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Sigma v Tamron 28-300 Lenses

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    jase the space
    2 Apr 2003 - 1:43 PM

    Had my heart set on Sigma Compact HZ @ 180 for my Canon EOS300v. However I have just found that the Tamron one seems to have a better spec. Is it worth the extra 100?

    DiaxLen: 73x84mm (Sigma 79x90mm)
    Filter: 62mm (Sigma 67mm)
    Weight: 420g (Sigma 560g)
    Min Focus: 49cm (Sigma 90-129cm)
    Magnification: 1:2.9 (Sigma 1:5.1)
    Groups/Elements: 13/15 (Sigma 15/17)
    Diaphragm: 9 (Sigma 8) blades

    Rest of spec is pretty much the same. Obviously weight and size are a major plus for Tamron as is min focus distance.

    What bearing does the magnification parameters have? I understand this is for Macro but what does it determine?

    Any general comments on Sigma v Tamron gratefully received.

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    2 Apr 2003 - 1:43 PM

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    mitchellhatpeg
    2 Apr 2003 - 3:26 PM

    Hi,

    the magnification figures quoted are the maximum you can achieve in close-up mode. 1:2.9 means 1 divided by 2.9 at the film plane. eg. if you are photgraphing a lady-bird it will appear slightly larger than 1/3rd life size on your slide or negative when photgraphed as close as you can focus. 1:5.1 means the same lady-bird would be slightly smaller than 1/5th lifesize on the film plane.

    As regards Sigma vs. Tamron in terms of quality, both manufacturers do a standard quality range and a top of the line range. In Sigma this is called EZ and in Tamron this is called SP.

    I have owned and used both types from both manufacturers over the years and the only general statement I can make is that they were both much better made 20 years ago! These days they are all plastic, though much lighter of-course.

    I'd be willing to bet though that if you compare like with like in each range, you won't be able to tell the difference. Also, if you want ultimate quality then short focal range zooms or fixed lenses are better than these hyper-zooms. You won't notice the difference though unless you blow the prints up to at least A4.

    I will say one last thing, I would describe the Tamron and Sigma lenses I have owned as either good or very good. The only 'outstanding' lenses I have ever owned were made by Canon and Minolta.

    Simon.

    jase the space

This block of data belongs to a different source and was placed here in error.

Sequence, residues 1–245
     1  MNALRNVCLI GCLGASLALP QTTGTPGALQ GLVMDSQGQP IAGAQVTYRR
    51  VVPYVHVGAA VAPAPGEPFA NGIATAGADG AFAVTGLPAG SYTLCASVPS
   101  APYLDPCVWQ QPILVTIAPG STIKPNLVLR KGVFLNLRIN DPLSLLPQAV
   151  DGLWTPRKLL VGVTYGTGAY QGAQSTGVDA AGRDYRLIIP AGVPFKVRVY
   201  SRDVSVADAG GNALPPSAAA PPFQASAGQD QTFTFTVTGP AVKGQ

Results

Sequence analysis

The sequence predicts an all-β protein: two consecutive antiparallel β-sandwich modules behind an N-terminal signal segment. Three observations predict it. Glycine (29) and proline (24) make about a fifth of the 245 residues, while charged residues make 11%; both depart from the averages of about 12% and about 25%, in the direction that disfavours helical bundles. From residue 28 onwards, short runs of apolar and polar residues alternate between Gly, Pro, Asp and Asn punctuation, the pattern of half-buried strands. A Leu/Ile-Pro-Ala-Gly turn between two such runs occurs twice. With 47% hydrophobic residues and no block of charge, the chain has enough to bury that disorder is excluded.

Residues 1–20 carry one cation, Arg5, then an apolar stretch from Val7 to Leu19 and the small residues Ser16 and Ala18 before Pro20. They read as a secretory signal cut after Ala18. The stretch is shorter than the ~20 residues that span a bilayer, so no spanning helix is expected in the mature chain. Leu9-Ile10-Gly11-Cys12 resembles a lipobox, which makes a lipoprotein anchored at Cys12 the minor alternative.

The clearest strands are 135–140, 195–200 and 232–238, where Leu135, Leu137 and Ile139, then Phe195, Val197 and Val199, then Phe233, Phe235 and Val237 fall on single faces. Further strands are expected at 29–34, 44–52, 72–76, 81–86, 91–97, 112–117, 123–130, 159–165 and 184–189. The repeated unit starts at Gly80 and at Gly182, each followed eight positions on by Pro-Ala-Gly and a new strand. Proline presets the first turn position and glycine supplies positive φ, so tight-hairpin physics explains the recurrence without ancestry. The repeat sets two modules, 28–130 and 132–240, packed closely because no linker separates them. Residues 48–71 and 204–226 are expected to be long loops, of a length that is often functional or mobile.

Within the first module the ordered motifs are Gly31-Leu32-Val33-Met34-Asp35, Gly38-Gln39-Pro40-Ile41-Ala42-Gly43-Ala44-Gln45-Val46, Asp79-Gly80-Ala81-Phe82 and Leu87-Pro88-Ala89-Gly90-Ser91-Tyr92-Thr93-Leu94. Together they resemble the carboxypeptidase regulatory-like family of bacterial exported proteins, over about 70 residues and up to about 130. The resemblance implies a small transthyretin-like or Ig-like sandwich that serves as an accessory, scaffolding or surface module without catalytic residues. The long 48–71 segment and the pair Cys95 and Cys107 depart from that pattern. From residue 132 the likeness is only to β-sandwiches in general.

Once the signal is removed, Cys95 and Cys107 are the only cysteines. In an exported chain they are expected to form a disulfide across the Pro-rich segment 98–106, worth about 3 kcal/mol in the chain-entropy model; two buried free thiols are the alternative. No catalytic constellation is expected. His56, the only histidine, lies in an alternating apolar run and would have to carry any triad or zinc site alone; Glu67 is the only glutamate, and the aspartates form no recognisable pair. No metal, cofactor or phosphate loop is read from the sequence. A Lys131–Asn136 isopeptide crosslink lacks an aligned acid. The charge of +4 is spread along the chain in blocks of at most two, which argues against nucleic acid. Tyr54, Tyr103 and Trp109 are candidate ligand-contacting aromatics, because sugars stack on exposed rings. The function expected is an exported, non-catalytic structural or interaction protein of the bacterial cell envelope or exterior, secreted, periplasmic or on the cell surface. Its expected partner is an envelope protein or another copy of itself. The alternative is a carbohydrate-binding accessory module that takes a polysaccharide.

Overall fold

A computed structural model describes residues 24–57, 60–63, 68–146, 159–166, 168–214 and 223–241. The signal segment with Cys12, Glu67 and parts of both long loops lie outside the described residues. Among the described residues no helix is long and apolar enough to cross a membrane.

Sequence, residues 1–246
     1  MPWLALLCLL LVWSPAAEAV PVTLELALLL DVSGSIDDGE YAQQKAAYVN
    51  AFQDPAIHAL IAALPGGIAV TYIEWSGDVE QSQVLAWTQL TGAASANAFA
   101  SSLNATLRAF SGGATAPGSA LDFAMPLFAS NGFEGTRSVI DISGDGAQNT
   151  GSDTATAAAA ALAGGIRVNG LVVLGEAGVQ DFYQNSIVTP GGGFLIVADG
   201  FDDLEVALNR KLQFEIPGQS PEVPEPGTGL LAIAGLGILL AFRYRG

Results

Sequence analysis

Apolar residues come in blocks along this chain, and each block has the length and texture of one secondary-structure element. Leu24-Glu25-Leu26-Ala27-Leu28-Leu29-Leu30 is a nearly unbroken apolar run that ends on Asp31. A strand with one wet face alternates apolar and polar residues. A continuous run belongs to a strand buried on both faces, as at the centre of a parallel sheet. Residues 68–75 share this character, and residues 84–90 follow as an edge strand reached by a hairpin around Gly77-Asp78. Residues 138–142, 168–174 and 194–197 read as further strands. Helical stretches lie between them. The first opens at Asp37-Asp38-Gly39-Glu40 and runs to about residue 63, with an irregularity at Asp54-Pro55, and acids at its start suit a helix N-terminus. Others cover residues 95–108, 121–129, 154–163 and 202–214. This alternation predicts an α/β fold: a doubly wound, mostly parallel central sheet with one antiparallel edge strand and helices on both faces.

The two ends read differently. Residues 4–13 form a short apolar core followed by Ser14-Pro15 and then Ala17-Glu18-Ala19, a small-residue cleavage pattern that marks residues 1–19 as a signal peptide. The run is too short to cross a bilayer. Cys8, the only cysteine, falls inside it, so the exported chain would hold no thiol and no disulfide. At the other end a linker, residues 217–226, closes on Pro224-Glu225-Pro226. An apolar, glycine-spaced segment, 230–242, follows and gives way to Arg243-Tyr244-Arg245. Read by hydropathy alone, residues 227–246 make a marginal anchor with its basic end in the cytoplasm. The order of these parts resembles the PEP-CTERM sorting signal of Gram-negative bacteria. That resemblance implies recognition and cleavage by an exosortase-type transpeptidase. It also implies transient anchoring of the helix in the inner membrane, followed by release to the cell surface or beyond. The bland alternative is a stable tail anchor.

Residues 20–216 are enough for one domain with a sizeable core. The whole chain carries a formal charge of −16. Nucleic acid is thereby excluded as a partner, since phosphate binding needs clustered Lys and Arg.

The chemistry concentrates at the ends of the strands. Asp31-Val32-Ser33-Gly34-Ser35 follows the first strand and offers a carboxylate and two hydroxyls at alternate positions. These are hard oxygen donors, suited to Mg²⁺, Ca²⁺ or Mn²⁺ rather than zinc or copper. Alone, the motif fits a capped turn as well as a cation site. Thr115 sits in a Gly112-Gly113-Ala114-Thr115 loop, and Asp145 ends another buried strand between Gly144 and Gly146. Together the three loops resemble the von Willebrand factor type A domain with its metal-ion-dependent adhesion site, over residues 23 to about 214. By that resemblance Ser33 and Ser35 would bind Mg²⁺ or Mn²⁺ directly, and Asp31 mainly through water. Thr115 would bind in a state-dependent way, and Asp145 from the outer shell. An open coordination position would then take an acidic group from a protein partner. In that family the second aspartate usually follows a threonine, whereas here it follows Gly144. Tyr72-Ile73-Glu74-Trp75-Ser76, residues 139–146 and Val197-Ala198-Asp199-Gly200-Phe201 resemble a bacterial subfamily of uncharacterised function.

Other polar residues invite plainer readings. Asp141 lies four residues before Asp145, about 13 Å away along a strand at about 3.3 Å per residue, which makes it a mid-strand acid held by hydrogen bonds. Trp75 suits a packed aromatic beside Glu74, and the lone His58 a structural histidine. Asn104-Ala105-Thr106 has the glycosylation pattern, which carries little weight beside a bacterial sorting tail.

3 Apr 2003 - 10:57 AM

    So is a magnification of 1:2.9 better than 1:5.1 then?

    This is my first SLR system and I am only just getting into photography. I will use it mainly during my travels so I initially want my kit to be light and small - the all-in-one 28-300 kind of meets this and prevents having to change lenses. I understand that a wide telephoto range will impact in quality over a fixed focal length.

    I have looked at the Canon 28-90/28-105 + 70-300 twin lens option but this will work out more expensive (for USM) and will actually be bulkier (if carrying both) and a pain for changing lenses.

    I ultimately want to take photos that I can be proud of an enlarge/mount some for my walls. For a smaller beginner budget will these 28-300 lenses be sufficient? The superior spec of the Tamron is swaying me at the moment but it is 100 more expensive and I just want to know if it is worth this?

    mitchellhatpeg
    3 Apr 2003 - 6:55 PM

    Magnification of 1:2.9 is bigger then 1:5.1. If you want bigger then it is better!

    I strongly suggest you go and try both lenses at a good dealers on your own camera. That way you can decide if you think the Tamron is worth the extra dosh. If you want small and light then also consider the 28-200 Tamron, which is tiny.

    My own main lens is a Sigma 28-135 at present. It costs just over 100 now (there is a related link on this forum under 'starter lenses' where I describe it's performance)

    Also remember that you will rarely be able to hand-hold a 300mm lens and get shake-free images unless you use a fast film. Using fast film introduces a certain amount of grain and generally lowers saturation and contrast compared to slower films. To get good quality images at 300mm most folks would recommend a tripod. Tripods (that work) are not small and light.

    If you want a lens for travel photography then 300mm may be unnecessary. Have a look through one on your camera and make up your own mind. Try-out the close-up mode and see for yourself. You will also see how difficult it is to hold it still at 300mm. (Checkout the Canon image stabiliser lenses whilst you are at it, brilliant but pricey!)

    As regards the quality issue I can't be specific about which lens is technically better. You might find a test of these lenses though in something like Amateur Photographer or Which Camera. You might also find reviews on these lenses by logging onto the manufacturers web sites. Both lenses are in a very competitive section of the market though so I expect they would both produce very acceptable results. If you are used to a compact camera then either will probably blow your socks off!

    Don't forget either that good film and processing probably makes a bigger difference to the quality of your prints. Do try Fuji Superia print film (iso 200 is brilliant) and do get it from 7dayshop.com where it costs only 1.35 or so per roll.